The wind came up and roared all night, hammering at windows and chipping roof tiles. I lay awake thinking about the roof blowing off and how I was going to carry three dogs to safety and then come back to piggyback the housemate up to the loft if there was flooding.
Whenever the wind died down, I lay and thought about what my life would have been like if I had not been mad or drunken or depressed or procrastinating or in love at moments of opportunity. Cheerful thoughts at 3am, tell me about it. How have I wasted my life, let me count the ways. Gratitude? Bah, humbug.
Then I got up in a high wind, put on a Japanese kimono-style dressing gown with no belt (because the dog ate the belt) and had to do an undignified dash out into the dark windy garden to try to pick up fallen avocados before the dog got hold of them. Avocado pulp is not good for dogs.
The dog, wearing a grim determined look, raced ahead of me and ran off into the cistus bushes with a large Fuertes avocado and I had to stumble around in the scratchy bushes swearing at him and eventually wrenching the slimy half-chewed avocado out of his mouth. I could hear the housemate laughing at me in the background. As soon as I had taken away the avocado, the dog wanted to be friends and slobber all over my face, head-butt my belly and make lovey-dovey noises in my ear. Then (sigh) he became erotically attached to my foot because his testosterone levels are rising as his teeny little soft testicles descend. Yelled and swore some more, and then got back into the kitchen and had a cup of tea and reconciled with the dog. Sat and cuddled my other two dogs who are jealous and have taken to chewing paperback novels (Paul Bowles’ The Sheltering Sky, damn it) to get attention.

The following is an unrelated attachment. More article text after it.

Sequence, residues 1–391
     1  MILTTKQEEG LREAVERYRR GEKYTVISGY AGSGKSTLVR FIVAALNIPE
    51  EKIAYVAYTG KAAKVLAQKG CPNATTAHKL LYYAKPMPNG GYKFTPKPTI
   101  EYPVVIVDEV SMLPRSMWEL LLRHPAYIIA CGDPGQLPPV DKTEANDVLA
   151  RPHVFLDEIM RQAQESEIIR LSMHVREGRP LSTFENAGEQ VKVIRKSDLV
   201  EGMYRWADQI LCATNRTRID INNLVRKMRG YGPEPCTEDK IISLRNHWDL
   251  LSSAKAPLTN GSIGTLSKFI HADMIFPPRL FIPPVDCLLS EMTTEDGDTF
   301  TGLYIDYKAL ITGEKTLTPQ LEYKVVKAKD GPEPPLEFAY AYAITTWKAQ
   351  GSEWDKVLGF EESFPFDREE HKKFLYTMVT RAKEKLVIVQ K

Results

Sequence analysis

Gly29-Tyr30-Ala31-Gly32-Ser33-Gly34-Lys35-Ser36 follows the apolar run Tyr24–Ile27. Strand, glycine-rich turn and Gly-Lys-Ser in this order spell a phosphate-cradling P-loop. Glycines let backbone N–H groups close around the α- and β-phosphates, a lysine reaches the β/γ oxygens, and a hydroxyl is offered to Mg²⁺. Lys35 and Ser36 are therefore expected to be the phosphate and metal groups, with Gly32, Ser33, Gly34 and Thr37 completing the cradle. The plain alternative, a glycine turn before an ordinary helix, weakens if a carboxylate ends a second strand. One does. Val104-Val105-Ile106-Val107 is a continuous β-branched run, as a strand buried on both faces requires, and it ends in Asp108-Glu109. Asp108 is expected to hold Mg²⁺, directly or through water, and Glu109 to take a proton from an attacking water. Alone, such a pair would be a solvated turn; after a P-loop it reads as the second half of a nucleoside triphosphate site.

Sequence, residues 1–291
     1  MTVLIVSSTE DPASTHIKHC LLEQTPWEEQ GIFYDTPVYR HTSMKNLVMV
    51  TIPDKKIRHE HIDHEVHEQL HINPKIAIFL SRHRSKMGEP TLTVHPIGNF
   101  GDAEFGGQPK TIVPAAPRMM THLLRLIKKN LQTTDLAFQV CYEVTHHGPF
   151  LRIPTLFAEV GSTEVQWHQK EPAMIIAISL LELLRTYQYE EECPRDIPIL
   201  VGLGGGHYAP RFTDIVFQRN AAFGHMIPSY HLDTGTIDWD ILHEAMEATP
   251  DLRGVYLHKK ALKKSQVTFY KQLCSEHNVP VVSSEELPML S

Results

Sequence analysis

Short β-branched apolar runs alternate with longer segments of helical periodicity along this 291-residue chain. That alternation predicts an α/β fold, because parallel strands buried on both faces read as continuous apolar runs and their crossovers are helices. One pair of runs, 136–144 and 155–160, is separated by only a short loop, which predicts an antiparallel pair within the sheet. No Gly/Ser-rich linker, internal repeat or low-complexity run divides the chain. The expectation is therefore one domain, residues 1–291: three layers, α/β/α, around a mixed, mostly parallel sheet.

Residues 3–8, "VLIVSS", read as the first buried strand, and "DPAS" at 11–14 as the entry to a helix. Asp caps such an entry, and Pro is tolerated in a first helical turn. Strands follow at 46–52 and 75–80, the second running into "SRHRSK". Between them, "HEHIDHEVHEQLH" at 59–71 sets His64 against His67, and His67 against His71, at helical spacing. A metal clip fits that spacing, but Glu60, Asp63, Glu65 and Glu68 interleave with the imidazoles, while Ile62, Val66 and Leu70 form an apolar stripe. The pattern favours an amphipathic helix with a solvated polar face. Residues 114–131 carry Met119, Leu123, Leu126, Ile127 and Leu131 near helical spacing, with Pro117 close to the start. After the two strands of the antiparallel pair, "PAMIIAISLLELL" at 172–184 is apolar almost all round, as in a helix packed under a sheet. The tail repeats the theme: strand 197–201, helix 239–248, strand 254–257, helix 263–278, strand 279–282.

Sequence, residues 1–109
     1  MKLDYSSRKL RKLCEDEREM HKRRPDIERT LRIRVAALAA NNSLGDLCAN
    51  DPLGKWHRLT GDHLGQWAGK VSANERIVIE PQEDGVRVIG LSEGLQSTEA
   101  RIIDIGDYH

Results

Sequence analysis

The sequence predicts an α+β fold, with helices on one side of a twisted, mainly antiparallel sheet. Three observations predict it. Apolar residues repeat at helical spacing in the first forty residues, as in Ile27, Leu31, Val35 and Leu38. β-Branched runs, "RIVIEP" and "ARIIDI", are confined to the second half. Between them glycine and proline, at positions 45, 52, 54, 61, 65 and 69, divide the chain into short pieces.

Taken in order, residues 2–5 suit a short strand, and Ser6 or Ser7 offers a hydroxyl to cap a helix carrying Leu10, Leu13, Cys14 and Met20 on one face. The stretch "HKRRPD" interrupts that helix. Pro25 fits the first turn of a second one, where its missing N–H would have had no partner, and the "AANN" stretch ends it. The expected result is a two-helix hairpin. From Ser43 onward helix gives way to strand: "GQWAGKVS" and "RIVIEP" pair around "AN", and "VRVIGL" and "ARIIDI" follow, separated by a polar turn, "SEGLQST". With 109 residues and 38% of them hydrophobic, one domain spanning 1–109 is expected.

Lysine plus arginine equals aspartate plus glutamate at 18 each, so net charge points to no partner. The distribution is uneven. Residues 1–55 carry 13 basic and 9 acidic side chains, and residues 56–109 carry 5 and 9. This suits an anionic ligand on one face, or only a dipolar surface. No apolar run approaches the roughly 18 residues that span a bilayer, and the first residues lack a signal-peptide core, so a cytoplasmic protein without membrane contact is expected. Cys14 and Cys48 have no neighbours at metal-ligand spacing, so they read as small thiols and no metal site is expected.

Whenever I have gone through a time when too many friends have died and especially in the wake of suicide, I have stumbled and quavered around with a cramping fear in my heart and stomach in case anyone else I love is thinking of killing themselves and is not telling me. This tends to make communications a little stilted.
Friend: Hi Mary, I am having a rough week here…
Mary: Don’t do it, don’t do it, promise me you won’t do anything , well anything at all.
This poem says it all so much better.
A Ritual to Read to Each Other
If you don’t know the kind of person I am
and I don’t know the kind of person you are
a pattern that others made may prevail in the world
and following the wrong god home we may miss our star.
For there is many a small betrayal in the mind,
a shrug that lets the fragile sequence break
sending with shouts the horrible errors of childhood
storming out to play through the broken dyke.
And as elephants parade holding each elephant’s tail,
but if one wanders the circus won’t find the park,
I call it cruel and maybe the root of all cruelty
to know what occurs but not recognize the fact.
And so I appeal to a voice, to something shadowy,
a remote important region in all who talk:
though we could fool each other, we should consider–
lest the parade of our mutual life get lost in the dark.
For it is important that awake people be awake,
or a breaking line may discourage them back to sleep;
the signals we give–yes, no, or maybe–
should be clear: the darkness around us is deep.